Learning from the past

Throughout this blog, I shall often look into the past to help explain things going on in the present, and this article is intended as an introduction to this reasoning as well as some important facts that will make my future articles more comprehendible. If you are an ecologist, like myself, you might wonder someday why anybody bothers to study nature, as it is so unpredictable. I recall during my undergraduate degree, having spent the first two years studying theoretical ecology, being told in my final year, “Just take it all with a pinch of salt”. However, although this may ring some truth, I think the problem here is misinterpretation. Every single organism on this earth is the product of years of evolution. It wouldn’t exist unless it could do so in it’s natural environment. These organisms do not have a purpose they are simply a consequence of the process of natural selection. Because of this, quite fascinatingly, but nonetheless ‘blindly’, organisms have become adapted to their environments. It is the selection pressures in an organism’s environment that drive natural selection and it is these pressures that ecologists are often trying to understand.

What I am trying to say is there is always a reason why things are the way they are. To explain why a giraffe has such a long neck is a question into its ecology or what its purpose is in its daily life.  A single giraffe in present time however, is just one of many giraffes that have lived in the past. Its long neck certainly did not crop up during the lifetime of a single giraffe in the present-that would go against everything we epitomize a giraffe to be. The giraffe’s neck is the product of years of evolution with its natural environment, as species are products of their environment. Therefore to explain why a giraffe has a long neck, we must look at the selection pressures that acted on it during its evolution – we must look to the past. I think the problem with studying the ecology of a species is actually the misinterpretation of findings. For example, a study might conclude that giraffes prefer to eat the leaves of Acacia trees.  However this does not mean that all giraffes only eat Acacia trees, and that they won’t eat other trees if they need to (I might just point out here that some humans have been known to become cannibalistic in survival situations).  It just means that the majority of giraffes eat these leaves because it has benefited them in the past. We must remember although we define groups of organisms as different ‘species’, every organism is essentially its own species; the only thing that binds them together is their interdependency to reproduce. We must also remember that species are always evolving and although the past can explain the present, it is the selection pressures of today’s environment that will determine the future ecology of different ‘species’.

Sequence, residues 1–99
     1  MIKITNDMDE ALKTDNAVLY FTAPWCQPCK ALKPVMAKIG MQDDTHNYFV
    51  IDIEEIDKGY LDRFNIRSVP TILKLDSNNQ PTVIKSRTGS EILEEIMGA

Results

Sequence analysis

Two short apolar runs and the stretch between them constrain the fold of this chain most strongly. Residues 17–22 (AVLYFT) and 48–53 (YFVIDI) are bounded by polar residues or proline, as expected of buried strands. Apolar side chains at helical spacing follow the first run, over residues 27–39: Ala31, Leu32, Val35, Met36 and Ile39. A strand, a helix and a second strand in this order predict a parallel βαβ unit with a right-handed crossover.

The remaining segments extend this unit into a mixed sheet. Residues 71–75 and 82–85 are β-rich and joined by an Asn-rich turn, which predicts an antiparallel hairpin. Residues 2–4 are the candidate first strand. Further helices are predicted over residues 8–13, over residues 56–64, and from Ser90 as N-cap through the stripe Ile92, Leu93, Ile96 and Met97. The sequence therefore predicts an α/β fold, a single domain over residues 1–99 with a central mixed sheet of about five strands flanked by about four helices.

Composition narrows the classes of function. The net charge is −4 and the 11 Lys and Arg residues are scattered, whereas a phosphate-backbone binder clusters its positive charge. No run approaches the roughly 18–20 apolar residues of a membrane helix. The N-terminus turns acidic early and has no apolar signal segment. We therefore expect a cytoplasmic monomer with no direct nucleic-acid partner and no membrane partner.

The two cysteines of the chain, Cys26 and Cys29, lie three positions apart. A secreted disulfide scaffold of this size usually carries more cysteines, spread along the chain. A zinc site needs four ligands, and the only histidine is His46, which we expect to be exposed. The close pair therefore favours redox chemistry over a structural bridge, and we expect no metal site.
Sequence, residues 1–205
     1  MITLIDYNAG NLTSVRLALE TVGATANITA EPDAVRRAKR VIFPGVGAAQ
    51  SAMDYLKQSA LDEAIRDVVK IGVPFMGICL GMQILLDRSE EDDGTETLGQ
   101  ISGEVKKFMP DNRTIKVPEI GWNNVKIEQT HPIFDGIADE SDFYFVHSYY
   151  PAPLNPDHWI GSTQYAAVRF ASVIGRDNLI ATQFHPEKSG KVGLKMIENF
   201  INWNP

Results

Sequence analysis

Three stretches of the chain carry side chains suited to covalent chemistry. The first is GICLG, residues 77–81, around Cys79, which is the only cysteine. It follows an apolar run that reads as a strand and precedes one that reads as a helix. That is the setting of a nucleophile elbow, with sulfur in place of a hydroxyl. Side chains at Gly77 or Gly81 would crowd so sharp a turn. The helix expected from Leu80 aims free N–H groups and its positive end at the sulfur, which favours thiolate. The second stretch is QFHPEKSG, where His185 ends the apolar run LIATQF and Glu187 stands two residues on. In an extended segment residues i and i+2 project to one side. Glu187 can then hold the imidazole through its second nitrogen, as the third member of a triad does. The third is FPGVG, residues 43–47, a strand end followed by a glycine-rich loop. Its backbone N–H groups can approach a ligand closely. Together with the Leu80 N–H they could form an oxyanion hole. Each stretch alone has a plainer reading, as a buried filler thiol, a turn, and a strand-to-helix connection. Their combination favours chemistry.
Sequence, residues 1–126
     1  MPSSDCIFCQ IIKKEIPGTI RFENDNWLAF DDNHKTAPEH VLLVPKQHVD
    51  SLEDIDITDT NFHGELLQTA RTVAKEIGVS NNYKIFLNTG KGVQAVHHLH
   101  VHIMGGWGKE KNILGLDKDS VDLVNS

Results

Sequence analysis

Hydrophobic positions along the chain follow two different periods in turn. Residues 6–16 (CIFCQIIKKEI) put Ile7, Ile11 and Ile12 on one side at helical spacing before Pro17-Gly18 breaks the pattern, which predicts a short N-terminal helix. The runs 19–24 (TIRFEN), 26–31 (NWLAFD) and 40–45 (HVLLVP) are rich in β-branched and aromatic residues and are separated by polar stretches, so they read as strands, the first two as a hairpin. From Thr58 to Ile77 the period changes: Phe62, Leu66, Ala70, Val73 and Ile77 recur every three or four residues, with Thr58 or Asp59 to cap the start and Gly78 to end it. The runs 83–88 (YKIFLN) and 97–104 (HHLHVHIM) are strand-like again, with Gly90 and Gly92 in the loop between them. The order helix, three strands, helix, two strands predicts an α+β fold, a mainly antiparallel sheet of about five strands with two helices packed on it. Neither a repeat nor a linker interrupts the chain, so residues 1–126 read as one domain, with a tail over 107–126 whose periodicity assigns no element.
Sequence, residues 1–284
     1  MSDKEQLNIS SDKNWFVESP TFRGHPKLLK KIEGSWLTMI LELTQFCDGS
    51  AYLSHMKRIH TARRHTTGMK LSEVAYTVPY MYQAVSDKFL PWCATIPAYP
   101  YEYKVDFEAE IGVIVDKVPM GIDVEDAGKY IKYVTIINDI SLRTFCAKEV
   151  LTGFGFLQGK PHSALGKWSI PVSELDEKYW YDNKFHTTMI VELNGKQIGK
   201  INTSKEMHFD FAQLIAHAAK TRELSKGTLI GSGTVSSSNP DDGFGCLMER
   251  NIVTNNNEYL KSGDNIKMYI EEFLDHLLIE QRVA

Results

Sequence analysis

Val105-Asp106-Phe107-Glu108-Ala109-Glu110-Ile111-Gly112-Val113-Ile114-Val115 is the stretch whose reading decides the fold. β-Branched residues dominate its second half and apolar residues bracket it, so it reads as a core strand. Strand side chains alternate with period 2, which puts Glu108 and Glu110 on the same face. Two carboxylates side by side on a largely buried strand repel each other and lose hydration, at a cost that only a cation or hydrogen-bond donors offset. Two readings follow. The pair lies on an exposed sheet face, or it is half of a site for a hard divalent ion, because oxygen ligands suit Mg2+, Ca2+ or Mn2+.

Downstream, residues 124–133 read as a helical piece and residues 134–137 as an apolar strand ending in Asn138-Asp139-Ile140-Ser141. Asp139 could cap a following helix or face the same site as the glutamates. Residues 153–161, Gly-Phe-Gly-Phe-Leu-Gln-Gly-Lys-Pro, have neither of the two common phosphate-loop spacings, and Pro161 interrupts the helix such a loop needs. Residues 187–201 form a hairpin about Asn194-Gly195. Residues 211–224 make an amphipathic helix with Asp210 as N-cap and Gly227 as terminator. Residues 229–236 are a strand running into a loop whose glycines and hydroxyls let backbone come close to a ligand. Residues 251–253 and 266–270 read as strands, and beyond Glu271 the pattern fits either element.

To accompany this article, I present here a diagram of the geological timescale courtesy of the U.S. Geological Survey, which will be useful when referred to in the future. For now all I will explain is that this scale begins at 4.5 billion years ago at the birth of our planet and ends in the present. The past 4.5 billion years of Earth’s history is broken down into periods of time that relate to significant changes in the Earth’s geology.



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